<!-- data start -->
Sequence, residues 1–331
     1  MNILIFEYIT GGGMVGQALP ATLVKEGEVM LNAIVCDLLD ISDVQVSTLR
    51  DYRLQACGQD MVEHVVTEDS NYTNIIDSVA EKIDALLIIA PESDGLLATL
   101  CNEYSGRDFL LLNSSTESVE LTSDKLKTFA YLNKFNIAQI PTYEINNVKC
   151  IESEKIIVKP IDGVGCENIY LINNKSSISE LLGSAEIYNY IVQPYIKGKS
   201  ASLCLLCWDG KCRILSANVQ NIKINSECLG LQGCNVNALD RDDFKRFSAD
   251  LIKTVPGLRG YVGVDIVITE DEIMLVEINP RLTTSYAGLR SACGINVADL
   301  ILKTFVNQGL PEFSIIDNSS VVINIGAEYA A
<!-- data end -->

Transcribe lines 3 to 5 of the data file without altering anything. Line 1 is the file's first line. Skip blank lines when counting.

    51  DYRLQACGQD MVEHVVTEDS NYTNIIDSVA EKIDALLIIA PESDGLLATL
   101  CNEYSGRDFL LLNSSTESVE LTSDKLKTFA YLNKFNIAQI PTYEINNVKC
   151  IESEKIIVKP IDGVGCENIY LINNKSSISE LLGSAEIYNY IVQPYIKGKS